Carl Foster, an exercise physiologist at the University of Wisconsin, La Crosse, was amused by ads for a popular piece of exercise equipment. Before-and-after photos showed pudgy men and women turned into athletes with ripped bodies of steel . . .
“We said: ‘Wait a minute. You can’t change yourself that much,’ ” Dr. Foster said. So he and his colleagues decided to experiment. Suppose they recruited sedentary people for a six-week exercise program. Would objective observers notice any changes in their bodies?
The plan was to photograph volunteers wearing skimpy bathing suits and then randomly assign them to one of three groups: cardiovascular exercise, weight lifting or control. Six weeks later, they would be photographed again.
Their heads would be blocked out of the photos, which would be shuffled. Then the subjects and judges would rate the body in each photo on a scale of 1 to 10, with 10 being spectacular.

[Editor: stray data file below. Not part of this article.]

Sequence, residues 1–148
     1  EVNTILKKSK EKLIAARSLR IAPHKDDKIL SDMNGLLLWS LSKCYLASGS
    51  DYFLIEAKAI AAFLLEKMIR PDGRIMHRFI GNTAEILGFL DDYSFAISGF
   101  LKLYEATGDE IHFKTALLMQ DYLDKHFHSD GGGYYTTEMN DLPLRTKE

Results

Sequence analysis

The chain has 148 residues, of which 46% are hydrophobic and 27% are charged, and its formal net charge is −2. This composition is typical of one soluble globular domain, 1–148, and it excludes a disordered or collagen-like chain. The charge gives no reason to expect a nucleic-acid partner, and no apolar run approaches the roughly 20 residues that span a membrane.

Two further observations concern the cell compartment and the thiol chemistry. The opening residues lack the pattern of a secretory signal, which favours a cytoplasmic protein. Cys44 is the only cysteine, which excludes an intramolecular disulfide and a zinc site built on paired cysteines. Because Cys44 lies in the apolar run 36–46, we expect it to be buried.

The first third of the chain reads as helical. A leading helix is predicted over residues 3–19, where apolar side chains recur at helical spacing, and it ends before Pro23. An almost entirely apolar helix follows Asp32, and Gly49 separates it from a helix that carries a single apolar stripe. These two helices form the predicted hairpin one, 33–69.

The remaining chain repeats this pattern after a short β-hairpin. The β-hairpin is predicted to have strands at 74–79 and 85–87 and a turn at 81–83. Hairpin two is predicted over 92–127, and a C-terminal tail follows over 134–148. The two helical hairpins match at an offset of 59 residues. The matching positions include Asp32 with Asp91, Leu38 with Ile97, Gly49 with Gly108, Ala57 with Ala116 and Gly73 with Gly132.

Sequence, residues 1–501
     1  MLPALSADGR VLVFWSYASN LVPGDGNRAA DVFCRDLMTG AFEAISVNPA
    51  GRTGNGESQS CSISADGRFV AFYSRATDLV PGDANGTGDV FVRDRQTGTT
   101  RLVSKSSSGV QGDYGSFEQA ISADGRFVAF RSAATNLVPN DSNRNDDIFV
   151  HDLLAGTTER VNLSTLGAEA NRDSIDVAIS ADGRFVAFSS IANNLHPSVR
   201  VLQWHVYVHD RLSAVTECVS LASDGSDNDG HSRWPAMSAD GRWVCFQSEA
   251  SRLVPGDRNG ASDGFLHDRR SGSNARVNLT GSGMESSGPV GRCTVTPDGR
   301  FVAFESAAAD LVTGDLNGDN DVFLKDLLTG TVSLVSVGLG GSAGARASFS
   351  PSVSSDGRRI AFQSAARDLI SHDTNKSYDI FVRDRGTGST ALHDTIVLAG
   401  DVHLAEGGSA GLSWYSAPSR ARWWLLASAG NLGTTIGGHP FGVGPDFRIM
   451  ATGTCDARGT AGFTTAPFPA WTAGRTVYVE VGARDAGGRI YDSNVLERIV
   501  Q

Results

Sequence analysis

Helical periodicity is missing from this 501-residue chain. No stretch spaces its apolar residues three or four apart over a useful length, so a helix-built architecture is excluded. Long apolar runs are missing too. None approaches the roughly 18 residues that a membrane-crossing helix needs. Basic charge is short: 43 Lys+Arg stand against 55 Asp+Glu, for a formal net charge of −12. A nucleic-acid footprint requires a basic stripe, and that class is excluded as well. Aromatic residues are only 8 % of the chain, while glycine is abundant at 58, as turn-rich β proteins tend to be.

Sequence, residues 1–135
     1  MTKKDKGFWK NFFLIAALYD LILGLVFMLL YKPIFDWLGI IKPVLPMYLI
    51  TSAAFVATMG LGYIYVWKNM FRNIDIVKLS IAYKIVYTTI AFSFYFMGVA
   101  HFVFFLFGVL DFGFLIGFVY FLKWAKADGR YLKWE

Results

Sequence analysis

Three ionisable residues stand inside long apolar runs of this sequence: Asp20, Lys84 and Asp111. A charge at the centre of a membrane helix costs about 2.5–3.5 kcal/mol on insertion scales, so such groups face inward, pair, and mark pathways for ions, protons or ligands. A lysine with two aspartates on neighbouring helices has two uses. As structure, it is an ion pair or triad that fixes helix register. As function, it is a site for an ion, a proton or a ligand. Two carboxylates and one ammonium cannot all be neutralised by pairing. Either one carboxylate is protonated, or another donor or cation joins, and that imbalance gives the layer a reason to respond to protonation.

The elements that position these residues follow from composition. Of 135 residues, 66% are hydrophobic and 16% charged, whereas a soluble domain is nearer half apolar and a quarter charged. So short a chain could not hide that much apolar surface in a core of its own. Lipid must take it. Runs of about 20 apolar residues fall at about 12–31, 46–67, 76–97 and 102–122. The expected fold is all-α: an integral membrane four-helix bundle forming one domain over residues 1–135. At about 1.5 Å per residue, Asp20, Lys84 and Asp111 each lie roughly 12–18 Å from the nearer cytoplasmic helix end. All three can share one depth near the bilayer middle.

The volunteers were men, age 18 to 40 (the university’s human-subjects review board looked askance at having women photographed and rated like that).
Schrag describes the IRB action as sexist, on the grounds that “it’s disappointing that that IRB thinks adult women incapable deciding for themselves whether to participate in a study open to men.”
This is certainly one consideration, but there are others as well. One is that the raters might have felt uncomfortable rating women’s bodies. Another is that having more than one gender in the study introduces more complex variables (although that is a study design question, and not one for the IRB). A third is that even voluntary participation in practices which are ethically shaky doesn’t make the practice less shaky (for example, voluntary recruitment to study the psychological effects of discrimination doesn’t lessen the IRB’s worries about subjecting participants to potential psychological harm).
What do you think?